Hey ! Wash your mouth out and consider the following instead of being abusive:

        The Mandrake download page [linux-mandrake.com] requires you to either:
        A. Have previously *paid* them a minimum of $60
        OR
        B. *State* you *will* pay them a minimum of $60 in future

        There is no other option that allows you to download their software.

        What's to stop them hiking this 'download price' from $60 to $1000000?

        Sec 2.b. of the GNU license [gnu.org] states that packages based on GNU-licensed software must also be licensed "as a whole at no charge to all third parties". What they are doing seems to violate this section, and Section 3 as well. (though I cannot say for sure).

        • Hey, sorry if you consider my post abusive.

          If you haven't paid for a Mandrake subscription, the Mandrake download page requires you to a)pay, or b)lie about paying. That's all. All they've done is remind you that you are abusing the system.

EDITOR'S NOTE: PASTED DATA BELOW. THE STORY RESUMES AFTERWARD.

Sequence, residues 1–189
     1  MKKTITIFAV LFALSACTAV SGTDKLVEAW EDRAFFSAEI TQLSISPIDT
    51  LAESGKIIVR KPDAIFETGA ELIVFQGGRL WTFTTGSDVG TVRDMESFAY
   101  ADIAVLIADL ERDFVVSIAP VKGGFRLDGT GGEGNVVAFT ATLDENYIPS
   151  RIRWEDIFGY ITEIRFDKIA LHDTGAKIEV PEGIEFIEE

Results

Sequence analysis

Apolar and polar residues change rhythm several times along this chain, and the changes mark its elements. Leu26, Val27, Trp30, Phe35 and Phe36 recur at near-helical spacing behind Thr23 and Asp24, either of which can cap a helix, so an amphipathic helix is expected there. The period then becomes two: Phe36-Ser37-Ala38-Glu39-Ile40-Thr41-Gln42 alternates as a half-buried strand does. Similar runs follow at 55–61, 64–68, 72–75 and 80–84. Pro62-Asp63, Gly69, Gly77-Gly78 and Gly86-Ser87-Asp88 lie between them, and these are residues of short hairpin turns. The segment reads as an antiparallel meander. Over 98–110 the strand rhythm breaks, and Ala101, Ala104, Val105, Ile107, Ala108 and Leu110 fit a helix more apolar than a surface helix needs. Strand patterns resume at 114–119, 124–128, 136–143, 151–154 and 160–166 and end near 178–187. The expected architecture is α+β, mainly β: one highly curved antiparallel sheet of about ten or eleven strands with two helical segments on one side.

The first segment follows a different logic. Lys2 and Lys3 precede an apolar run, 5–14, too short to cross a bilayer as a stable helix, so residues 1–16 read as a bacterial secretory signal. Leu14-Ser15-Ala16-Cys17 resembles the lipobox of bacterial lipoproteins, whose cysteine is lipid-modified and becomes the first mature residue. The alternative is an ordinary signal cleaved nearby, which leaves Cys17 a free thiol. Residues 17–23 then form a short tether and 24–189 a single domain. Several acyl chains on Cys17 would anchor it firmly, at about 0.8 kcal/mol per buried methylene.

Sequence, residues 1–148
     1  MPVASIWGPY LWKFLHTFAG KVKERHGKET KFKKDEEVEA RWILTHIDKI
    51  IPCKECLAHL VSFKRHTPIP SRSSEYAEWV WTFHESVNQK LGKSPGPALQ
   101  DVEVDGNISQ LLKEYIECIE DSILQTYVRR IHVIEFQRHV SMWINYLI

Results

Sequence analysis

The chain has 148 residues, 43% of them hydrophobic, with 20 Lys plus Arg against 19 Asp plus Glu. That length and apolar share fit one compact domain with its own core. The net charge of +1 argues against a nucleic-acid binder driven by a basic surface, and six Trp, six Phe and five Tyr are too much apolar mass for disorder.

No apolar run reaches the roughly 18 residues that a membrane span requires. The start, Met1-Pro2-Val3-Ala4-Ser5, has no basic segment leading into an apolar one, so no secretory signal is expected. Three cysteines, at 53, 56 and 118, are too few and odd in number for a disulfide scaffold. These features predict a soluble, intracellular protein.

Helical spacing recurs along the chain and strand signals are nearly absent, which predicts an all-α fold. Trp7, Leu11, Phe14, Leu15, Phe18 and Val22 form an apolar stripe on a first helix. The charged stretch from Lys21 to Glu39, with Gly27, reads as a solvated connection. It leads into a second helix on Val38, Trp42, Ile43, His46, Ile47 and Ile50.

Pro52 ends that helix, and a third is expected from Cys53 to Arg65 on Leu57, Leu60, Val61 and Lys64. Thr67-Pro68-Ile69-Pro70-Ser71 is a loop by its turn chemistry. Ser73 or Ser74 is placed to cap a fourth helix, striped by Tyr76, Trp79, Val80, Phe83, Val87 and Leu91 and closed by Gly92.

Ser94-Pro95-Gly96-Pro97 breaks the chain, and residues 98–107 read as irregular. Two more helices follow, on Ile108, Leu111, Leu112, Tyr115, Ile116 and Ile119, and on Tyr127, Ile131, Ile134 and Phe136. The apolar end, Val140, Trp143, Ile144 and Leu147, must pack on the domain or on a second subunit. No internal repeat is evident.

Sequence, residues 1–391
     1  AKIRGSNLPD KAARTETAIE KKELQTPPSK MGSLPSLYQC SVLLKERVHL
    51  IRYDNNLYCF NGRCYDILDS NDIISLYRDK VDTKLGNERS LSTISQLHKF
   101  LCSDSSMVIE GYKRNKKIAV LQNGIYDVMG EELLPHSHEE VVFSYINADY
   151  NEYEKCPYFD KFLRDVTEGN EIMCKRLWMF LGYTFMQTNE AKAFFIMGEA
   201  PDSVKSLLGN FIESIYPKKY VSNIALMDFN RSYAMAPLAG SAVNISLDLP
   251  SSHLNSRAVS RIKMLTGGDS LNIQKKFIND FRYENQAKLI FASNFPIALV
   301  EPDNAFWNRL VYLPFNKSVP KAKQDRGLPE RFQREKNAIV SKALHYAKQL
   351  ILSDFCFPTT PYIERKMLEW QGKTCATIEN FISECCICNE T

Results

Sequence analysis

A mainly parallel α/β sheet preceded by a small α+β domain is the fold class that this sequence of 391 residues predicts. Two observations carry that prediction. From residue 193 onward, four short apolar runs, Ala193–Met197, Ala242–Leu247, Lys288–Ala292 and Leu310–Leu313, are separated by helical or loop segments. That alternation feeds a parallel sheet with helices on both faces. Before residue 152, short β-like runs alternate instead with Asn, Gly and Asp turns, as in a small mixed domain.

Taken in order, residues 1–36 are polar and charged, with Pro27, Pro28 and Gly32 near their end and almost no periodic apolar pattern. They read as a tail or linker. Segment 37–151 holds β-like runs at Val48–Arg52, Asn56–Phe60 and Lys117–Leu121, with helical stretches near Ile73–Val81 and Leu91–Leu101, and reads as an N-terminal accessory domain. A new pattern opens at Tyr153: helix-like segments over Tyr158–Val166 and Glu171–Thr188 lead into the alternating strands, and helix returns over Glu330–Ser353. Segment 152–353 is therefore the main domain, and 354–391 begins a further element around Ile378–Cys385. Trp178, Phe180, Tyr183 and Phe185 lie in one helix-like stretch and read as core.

There's nothing that keeps you from lying but your own conscience.

          • > Hey, sorry if you consider my post abusive.

            Thanks dude. I'm sure the parent to your original post would appreciate your candor here.

            About the rest of the post: I just wasn't comfortable with a Corporate setting a arbitrary price on all access to GPL code, but as I understand (see discussion below) there is a third unpublicized option for transferring sources.
        • Get a life. GNU licence doesn't say "you have to put all your work on public FTP servers, in a most convenient form for downloaders, send a letter to every citizen with a list of these FTP servers, and kiss their asses."

          As far as GNU licence goes, it would be perfectly OK to send CDs with sources of everything which is in the distribution

          Sec 1:
          You may copy and distribute verbatim copies of the Program's source code as you receive it, in any medium, provided that you conspicuously and appropriately publish on each copy an
          appropriate copyright notice and disclaimer of warranty; keep intact all the notices that refer to this License and to the absence of any warranty; and give any other recipients of the Program a copy of this License along with the Program.